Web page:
You know what to expect when you buy an XPS: good looks, high performance, and a substantially lighter wallet. Dell's latest effort, the XPS 420, delivers all these things and should appeal to anyone with a desire to edit video and images, and play games. It features an integrated SideShow display, a BTX chassis and an Xcelerator2 hardware transcoder.
The XPS 420 is available from Dell for a starting price of £549, although our test unit costs a rather more wallet-lightening £1,349.
The XPS 420 is attractive by desktop PC standards. The glossy front panel and silver side panels are attractive in their own right, but we personally think Dell should have chosen one colour or the other -- not both.
At the top of the case you'll find a rubberised strip, designed to accommodate an external hard drive, MP3 player, or any of the miscellaneous shrapnel that normally ends up at the top of your PC. This is lined with non-slip rubber and is slightly recessed so most things stay put.
Two versions of the chassis are available. Our review sample uses the Premium version, which has a 64mm (2.5-inch) SideShow display and corresponding control buttons at the top of the chassis. This allow you to run various Vista 'Gadgets' -- mini applications -- without using the mouse, keyboard or primary display.
Further down the chassis, the optical drive bays are hidden behind a flip-down panel, which helps keep a smart, uniform look. Below these is a memory card reader supporting most popular formats. It's not some random off-the-shelf part either, it's coated in the same glossy finish as the rest of the PC, making it one of the prettiest readers we've ever come across. The card reader panel also houses a button to synchronise the wireless keyboard and mouse, and there's an adjacent 'B' LED that indicates Bluetooth connectivity status.
Dead in the centre of the PC is the power button, above which are a couple of audio ports for your mic and headphones. There's also the obligatory front-facing USB ports (three of them) and a six-pin FireWire port. Six additional USB ports can be found at the rear, along with another six-pin FireWire port and an e-SATA port for connecting an external drive.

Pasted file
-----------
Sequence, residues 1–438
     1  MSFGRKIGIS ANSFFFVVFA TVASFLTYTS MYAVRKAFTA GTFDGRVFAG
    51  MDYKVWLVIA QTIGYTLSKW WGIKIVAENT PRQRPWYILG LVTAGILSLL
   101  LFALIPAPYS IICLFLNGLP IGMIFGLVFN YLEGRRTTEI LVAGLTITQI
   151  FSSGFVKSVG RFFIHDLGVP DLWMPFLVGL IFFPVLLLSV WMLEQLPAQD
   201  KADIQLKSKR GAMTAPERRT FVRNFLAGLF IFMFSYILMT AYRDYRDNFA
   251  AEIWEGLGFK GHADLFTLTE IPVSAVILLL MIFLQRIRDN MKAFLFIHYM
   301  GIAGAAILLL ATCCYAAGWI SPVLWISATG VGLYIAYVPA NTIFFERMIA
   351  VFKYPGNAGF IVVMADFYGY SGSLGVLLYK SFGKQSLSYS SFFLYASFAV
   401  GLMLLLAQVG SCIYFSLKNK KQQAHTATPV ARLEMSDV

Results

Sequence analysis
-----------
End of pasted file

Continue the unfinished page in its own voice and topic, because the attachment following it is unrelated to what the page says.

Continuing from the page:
The second most interesting addition at the front is the Xcelerator2 panel. This provides S-Video, component video and audio inputs, so you can quickly transfer digital video to your PC. The Xcelerator2 features a hardware video transcoder that claims to manipulate video up to 25 per cent faster than PCs using a CPU alone. You can read more about this later in the review.
The XPS 420 is designed to handle media, so it's no surprise to learn it can accommodate some high-end components. Various CPU options are available, all of which are stonkingly quick. The Premium Chassis, which sports the Dell MiniView screen, comes with either a 2.4GHz Intel Core 2 Quad Q6600, or for an extra £60 you can have a 3GHz Core 2 Duo E6850.
The E6850 has a faster front-side bus than the Q6600 -- 1,066MHz versus 1,333MHz -- but we still wouldn't recommend buying it. It's more expensive and if you're editing video or multitasking, you're probably better off with the quad-core Q6600. The E850 is great for games, thanks to its faster clock speed and front-side bus, but if you're after a gaming machine, you're better off with something from Dell's H2C family.